Mr Tree (Hello! Shu Xian Sheng) (2011) Winner of Best Performance by an Actor, Wang Baoqiang.

The Australian Centre for the Moving Image (ACMI) is to showcase a selection of feature films from the winners and nominees of the 2011 Asia Pacific Screen Awards. The program – Asia Pacific Screen Awards Winners Circle – runs December 11-18.

ACMI, based in Melbourne, Australia, is a world-leading centre that celebrates, explores and promotes the cultural and creative richness of the moving image in all its forms – film, television and digital culture.

The APSA films to screen are Mr Tree (Hello! Shu Xian Sheng),from the People’s Republic of China, Bleak Night (Pa-soo-kkoon) from the Republic of Korea, The Ugly Duckling (Gadkiy Utyonok) from the Russian Federation, and Buta, the first film from Azerbaijan to win an APSA.

Mr Tree (Hello! Shu Xian Sheng) (2011) features Wang Baoqiang, who won Best Performance by an Actor for his role. Produced by Jia Zhangke (Platform, The World, Still Life), the film is a dark, comedic tale exploring the political side of China’s rapid urbanisation.  The film tells the story of the town layabout, Shu, who does nothing much but hang around in bars. When Shu’s sight is impaired his fortunes amp up and so does the rich fantasy world in which he lives.

Bleak Night (Pa-soo-kkoon(2010) received a High Commendation for Best Screenplay at the 2011 Asia Pacific Screen Awards. Yoon Sung-Hyun’s impressive debut was the post-graduate film he made while attending the Korean Film Academy. Selected for the prestigious Tiger Award at the Rotterdam Film Festival, the film is an intriguing psychological thriller set against the backdrop of the repressive Korean school system. While the story is not new territory for Korean cinema, Bleak Night is a stylistically assured drama that boasts incredible performances from some of the country’s most vibrant young talent.

Nominated for Best Animated Feature Film, The Ugly Duckling (Gadkiy Utyonok) (2010) is directed by Russia’s master animator Garri Bardin, who crafts a magical claymation world (replete with a rousing classical score) to bring Hans Christian Andersen’s fable back to the big screen. When an unknown chick emerges into the coup it is met with suspicion and disgust until it is forced out into the world to search for its own identity. Six years in the making, The Ugly Duckling remains a classic tale about triumphing over adversity and is a must see for animation fans.

Winner of the Best Children’s Feature Film at the 2011 Asia Pacific Screen Awards, Buta (2011), is a modern day fairytale set in the foothills of a remote village in Azerbaijan. The film traces the adventures of Buta, a young orphan who lives with his grandmother, and spends his days happily roaming the countryside. When local bullies force Buta to defend the honour of a friend, his reaction puts him on the journey towards adulthood.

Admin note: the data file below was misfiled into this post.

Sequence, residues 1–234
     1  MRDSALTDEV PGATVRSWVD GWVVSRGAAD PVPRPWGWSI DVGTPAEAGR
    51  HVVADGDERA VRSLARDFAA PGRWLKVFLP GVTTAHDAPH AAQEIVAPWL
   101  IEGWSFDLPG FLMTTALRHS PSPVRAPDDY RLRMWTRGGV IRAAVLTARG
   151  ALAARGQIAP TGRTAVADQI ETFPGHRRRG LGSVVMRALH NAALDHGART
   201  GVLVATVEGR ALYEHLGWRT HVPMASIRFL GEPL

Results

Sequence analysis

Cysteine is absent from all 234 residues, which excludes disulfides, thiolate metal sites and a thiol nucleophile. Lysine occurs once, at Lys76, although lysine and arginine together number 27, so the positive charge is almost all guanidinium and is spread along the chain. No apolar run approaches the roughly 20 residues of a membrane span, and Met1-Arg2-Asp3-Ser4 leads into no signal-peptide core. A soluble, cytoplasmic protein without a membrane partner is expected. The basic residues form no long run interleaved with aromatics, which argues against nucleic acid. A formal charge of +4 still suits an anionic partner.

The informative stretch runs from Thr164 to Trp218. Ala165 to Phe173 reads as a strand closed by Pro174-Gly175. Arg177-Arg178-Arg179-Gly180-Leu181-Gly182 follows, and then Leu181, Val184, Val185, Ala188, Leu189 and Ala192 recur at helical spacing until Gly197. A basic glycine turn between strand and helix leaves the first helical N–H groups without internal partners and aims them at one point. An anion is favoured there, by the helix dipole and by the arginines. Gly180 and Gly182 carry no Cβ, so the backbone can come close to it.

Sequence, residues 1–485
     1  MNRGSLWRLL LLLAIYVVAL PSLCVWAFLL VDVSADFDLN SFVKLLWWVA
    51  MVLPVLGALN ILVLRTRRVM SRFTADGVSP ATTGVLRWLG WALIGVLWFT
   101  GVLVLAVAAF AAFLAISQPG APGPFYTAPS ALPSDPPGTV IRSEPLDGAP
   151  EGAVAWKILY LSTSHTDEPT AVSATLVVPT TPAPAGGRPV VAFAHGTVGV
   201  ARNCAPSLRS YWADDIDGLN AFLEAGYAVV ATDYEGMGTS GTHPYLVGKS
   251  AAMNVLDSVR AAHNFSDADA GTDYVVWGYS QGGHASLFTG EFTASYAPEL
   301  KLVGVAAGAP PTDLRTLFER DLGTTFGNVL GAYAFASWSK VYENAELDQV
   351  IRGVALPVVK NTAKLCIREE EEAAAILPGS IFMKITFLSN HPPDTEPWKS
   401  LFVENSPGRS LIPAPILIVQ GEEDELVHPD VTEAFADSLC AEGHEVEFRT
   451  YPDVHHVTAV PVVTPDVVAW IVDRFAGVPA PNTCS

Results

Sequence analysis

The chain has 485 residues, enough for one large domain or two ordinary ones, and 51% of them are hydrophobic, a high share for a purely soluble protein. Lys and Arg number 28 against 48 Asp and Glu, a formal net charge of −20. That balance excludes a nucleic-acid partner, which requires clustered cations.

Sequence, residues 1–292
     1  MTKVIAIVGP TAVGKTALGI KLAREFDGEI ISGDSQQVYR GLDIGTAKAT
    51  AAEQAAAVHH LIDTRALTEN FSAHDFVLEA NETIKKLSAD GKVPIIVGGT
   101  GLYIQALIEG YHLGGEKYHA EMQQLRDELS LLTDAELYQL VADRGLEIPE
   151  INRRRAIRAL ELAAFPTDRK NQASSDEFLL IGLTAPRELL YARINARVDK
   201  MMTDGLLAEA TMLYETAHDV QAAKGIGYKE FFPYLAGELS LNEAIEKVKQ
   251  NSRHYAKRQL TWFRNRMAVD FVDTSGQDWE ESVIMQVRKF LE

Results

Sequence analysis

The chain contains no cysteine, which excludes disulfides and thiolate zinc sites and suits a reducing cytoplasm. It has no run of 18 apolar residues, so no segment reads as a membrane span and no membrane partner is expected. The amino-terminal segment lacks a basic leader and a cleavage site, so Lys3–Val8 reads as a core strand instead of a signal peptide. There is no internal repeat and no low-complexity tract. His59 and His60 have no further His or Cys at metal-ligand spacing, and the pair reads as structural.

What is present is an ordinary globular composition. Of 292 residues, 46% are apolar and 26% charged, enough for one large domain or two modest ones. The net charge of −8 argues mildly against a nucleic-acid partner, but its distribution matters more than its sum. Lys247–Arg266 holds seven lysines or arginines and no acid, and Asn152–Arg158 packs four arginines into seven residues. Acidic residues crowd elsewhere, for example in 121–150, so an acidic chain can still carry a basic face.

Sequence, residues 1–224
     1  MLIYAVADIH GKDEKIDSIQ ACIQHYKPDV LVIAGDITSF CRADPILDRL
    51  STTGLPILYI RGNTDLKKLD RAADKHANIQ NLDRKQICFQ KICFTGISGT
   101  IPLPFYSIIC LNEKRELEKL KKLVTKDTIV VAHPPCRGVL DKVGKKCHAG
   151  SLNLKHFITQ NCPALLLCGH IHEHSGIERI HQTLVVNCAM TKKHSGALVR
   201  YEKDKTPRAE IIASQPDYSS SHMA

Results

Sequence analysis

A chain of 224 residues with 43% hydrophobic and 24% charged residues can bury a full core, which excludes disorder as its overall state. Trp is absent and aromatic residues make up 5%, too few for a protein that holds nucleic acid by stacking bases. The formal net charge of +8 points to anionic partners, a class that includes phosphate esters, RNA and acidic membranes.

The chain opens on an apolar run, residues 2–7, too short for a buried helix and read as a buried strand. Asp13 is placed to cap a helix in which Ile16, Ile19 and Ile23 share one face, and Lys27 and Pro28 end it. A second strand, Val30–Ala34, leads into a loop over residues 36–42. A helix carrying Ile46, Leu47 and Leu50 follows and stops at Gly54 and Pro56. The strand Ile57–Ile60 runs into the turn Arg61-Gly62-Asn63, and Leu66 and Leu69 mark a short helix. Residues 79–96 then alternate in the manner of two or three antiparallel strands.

APSA’s Artistic Director Maxine Williamson said:  “One of APSA’s ambitions is to broaden opportunities for audiences to see films from the Asia Pacific region.  So we are delighted to be working with ACMI, one of the world’s great moving image centres, to present this season of screenings.”

ACMI will also present, from December 8 – 18, Winds of Spring: New Egyptian Cinema, a program spotlighting a vibrant and politically charged cinematic scene that foreshadowed the revolutionary events of Tahrir Square. The films screening in this program are all APSA 2011 competition entries.


Mr Tree (Hello! Shu xian sheng), unclassified 18+

Sun 11 Dec 2011, 7.15pm, ACMI Cinemas

Bleak Night (Pa-soo-kkoon), unclassified 18+

Mon 12 Dec 2011, 7pm, ACMI Cinemas

Fri 16 Dec 2011, 7pm, ACMI Cinemas

The Ugly Duckling (Gadkiy utyonok), unclassified 15+

Sat 17 Dec 2011, 7pm, ACMI Cinemas

Buta, unclassified 15+

Sun 18 Dec 2011, 3.30pm, ACMI Cinemas

Asia Pacific Screen Awards Winners Circle screens 11-18 December at ACMI in Melbourne. For further information visit

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The Asia Pacific Screen Academy expresses its respect for and acknowledgement of the South East Queensland Aboriginal and Torres Strait Islander communities. We pay our respects to the Traditional Owners of country, including the custodial communities on whose land works are created and celebrated by the Asia Pacific Screen Awards. We acknowledge the continuing connection to land, waters and communities. We also pay our respects to Elders, past and emerging. We recognise the integral role Aboriginal and Torres Strait Islander and First Nations peoples continue to play in storytelling and celebration spaces.

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